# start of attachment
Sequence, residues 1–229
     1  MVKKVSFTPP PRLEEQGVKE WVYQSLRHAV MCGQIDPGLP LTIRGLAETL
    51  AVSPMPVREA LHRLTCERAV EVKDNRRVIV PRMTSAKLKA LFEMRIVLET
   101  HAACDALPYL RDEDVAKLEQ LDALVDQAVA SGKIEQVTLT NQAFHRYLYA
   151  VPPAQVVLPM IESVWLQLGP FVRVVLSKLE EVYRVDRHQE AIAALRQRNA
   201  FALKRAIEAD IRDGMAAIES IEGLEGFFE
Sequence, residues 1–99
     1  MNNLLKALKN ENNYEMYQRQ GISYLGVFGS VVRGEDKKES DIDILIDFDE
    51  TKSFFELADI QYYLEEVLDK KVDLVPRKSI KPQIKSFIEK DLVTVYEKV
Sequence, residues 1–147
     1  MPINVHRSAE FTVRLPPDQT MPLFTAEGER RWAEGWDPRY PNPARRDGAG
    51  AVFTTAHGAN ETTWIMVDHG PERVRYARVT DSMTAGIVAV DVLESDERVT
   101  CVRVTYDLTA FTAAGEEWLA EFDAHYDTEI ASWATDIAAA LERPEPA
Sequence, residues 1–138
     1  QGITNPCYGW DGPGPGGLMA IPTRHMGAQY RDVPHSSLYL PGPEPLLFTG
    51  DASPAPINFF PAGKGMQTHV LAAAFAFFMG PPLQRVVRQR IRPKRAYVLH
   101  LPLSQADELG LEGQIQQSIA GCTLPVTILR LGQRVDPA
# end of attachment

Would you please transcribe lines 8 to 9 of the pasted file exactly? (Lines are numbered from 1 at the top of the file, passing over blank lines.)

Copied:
     1  MNNLLKALKN ENNYEMYQRQ GISYLGVFGS VVRGEDKKES DIDILIDFDE
    51  TKSFFELADI QYYLEEVLDK KVDLVPRKSI KPQIKSFIEK DLVTVYEKV